Robb Review: Rolls-Royce Ghost
The “post-opulence” incarnation of the Ghost eschews ornamentation for quality of material and driving pleasure.
One wintry morning 17 years ago I arrived at Rolls-Royce’s new, modernist factory in England’s lush South Downs hills to collect the first Phantom VII to be released for a road test. It was an important moment: This was our first chance to see what BMW would do with the storied British brand it had acquired a few years earlier.
It didn’t disappoint. The Phantom’s design was imperious, and its interior quality redefined what we expect to find in an automobile. It immediately re-established Rolls-Royce as the world’s greatest luxury marque, and that DNA is clearly present in this new Ghost. I’ve just been among the first outsiders to drive one through the gates of the Goodwood factory, and the moment felt almost as significant.
Announced in 2009, the first-generation Ghost was slightly smaller than the flagship Phantom and more likely to be driven by its owners. It became the best-selling model in the marque’s 116-year history, and that long 11-year life cycle gave Goodwood plenty of time to plan this replacement. Clients asked for a little less ostentation and a little more traction, to misquote Sir Tom Jones, and Rolls-Royce refers to this new philosophy as “post-opulence.” Don’t worry: Other drivers will have no doubts about what you’re driving. The new Ghost simply tries to express its status with material quality rather than ornamentation.
The car’s looks are an evolution of the original, with a more pronounced “eyebrow” over the headlamps and some clever surfacing to cut visual mass and avoid the appearance of arrogance. There are some subtle tricks that simplify the visuals: The Spirit of Ecstasy now appears through the hood rather than the grille, surrounded by paint, and the rear shell is simultaneously welded by two workers for a seamless finish. Inside, the cabin design has been simplified, and there’s the option of more honest, open-pore wood veneers. But while I’m impressed by the illuminated Ghost nameplate surrounded by 850 “stars” in the dashboard, I’m not sure how post-opulent it is.
Under the surface, there’s all-wheel drive to make the car more usable in the snow states, ski resorts and Russia; all-wheel steering to make it more nimble in cities; and a proudly unhybridized twin-turbo 6.75-litre V-12 engine, delivering 419kW and driving through an 8-speed gearbox whose ratios you have no control over—because this is a Rolls-Royce.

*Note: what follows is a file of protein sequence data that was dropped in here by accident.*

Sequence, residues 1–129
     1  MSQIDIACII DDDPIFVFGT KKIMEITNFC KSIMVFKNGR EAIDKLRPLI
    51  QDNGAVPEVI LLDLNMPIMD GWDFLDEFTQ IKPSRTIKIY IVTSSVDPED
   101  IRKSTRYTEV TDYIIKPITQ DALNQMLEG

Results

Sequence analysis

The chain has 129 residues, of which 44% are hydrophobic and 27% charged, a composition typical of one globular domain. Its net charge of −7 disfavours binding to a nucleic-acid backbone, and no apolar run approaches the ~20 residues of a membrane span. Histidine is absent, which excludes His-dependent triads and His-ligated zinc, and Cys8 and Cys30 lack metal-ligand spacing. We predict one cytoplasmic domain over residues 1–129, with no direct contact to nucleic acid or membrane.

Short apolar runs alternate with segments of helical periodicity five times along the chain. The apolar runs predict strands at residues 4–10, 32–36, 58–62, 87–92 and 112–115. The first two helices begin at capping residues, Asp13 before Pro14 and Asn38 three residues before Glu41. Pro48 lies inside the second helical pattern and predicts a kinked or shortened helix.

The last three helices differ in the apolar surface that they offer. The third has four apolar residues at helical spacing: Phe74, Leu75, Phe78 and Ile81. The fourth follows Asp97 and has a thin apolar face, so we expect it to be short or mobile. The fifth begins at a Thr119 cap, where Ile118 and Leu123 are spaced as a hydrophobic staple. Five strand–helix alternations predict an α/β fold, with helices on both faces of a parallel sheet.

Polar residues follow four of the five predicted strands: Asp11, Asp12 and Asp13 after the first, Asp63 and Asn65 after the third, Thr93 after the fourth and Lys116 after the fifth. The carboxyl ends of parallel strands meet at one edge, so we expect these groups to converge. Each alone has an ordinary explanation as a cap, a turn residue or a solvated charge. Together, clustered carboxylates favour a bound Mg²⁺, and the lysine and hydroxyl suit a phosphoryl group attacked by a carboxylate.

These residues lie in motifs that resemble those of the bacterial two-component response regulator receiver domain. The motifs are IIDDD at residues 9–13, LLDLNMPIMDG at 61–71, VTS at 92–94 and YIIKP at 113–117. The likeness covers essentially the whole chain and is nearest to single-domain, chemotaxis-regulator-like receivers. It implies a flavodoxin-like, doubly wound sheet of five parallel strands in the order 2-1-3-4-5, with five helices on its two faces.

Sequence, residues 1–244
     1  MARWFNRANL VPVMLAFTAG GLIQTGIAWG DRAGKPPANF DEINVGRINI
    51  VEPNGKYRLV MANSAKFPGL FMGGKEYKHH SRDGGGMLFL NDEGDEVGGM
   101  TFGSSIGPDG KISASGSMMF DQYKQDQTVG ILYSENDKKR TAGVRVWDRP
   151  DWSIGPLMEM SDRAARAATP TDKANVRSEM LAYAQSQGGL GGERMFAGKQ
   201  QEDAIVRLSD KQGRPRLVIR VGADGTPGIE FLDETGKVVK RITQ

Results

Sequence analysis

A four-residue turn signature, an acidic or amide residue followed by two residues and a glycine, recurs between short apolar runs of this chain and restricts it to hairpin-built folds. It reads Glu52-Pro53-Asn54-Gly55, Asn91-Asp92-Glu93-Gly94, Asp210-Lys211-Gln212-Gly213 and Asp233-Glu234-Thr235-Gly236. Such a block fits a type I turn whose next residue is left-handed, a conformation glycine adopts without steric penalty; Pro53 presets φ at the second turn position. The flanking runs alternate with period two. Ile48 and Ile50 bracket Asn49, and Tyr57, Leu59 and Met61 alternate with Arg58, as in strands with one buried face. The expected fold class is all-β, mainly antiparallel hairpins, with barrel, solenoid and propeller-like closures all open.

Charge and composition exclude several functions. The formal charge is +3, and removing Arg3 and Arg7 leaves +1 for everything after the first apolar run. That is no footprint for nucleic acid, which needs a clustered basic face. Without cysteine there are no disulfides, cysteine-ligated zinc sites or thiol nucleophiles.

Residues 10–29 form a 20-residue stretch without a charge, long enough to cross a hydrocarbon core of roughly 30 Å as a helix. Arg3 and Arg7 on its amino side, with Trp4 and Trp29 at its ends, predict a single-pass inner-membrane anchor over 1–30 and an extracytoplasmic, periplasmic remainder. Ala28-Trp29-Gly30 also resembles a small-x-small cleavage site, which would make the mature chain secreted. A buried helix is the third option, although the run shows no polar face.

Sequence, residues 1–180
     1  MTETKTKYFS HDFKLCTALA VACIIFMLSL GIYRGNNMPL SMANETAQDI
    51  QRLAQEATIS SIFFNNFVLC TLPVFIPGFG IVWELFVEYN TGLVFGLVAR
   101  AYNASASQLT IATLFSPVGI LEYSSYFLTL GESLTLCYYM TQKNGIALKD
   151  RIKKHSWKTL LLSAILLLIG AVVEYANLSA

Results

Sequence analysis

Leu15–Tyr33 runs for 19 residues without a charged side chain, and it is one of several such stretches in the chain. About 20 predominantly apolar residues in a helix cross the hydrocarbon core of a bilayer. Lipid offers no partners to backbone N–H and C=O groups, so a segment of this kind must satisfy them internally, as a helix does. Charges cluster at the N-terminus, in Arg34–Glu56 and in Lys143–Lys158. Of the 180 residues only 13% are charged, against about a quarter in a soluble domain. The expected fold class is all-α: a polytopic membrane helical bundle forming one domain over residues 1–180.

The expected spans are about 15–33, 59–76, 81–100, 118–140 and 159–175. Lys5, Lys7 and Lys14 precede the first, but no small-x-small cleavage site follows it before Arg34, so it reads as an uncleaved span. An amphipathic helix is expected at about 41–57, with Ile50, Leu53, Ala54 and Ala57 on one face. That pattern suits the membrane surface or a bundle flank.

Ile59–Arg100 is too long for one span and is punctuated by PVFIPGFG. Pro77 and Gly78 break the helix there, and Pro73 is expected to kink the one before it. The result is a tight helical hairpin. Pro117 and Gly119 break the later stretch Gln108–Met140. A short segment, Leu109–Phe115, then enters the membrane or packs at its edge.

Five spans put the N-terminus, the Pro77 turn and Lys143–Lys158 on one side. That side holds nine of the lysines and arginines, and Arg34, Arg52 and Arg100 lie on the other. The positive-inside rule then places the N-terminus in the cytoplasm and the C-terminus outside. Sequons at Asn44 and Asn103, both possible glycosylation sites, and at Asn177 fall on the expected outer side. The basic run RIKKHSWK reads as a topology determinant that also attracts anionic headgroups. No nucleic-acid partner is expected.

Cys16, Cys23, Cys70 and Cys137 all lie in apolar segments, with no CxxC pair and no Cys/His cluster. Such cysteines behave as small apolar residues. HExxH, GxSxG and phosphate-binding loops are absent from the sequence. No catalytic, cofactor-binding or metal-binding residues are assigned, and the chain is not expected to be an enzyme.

All this is carried in a chassis based on Rolls’ proprietary “Architecture of Luxury” platform, shared with the new Phantom and Cullinan SUV. While other car-makers talk of cutting weight and piping engine sounds into the cabin, Rolls has stuffed the chassis with over 90-kilograms of sound-deadening material, done its utmost to shut the engine out and analyzed every component for its aural performance. Its engineers even aimed for a near-silent cabin, before realising that it would be weird, and settled for a single tuned “note” when in motion.
And as soon as you put it in motion, it’s clear that the brand’s efforts have paid off. This is another exceptional Rolls-Royce. Since that first BMW Phantom appeared, our notions of automotive refinement have been reset by near-silent EVs, but the new Ghost still feels serene. The engine is barely perceptible. Even with the throttle wide-open (unseemly, we know), it’s quietly authoritative rather than shouty—like the Prime Minister raising his voice in the House of Commons. It’s surprisingly, hilariously fast, too, for such a big car. The steering is a particular stand-out: Light but accurate and offering a gentle patter through the rim that tells you what’s happening below, it allows you to guide this 5.5-metre leviathan with confidence in both city traffic and when “pressing on.”
The ride is exceptional, aided by the Flagbearer system, which can spot bumps in the road ahead and prepare the suspension, and a simple but brilliant second damper on the front suspension. (It was invented in-house—the engineer Sir Henry Royce would be proud.) Of every car currently on sale, perhaps only a Phantom rides better. The bigger car is aimed squarely at the chauffeur-driven market, however. The Ghost must appeal to drivers, too, and the greater firmness required can result in a slightly busier reaction to poor surfaces.
But ignore me: I’ve been driving these things for a long time now, and I’m hyper-critical. The new Ghost is a triumph—another road-going Gulfstream from Rolls-Royce, but with nicer leather and carpets. Thankfully, post-opulent does not mean post-luxurious.
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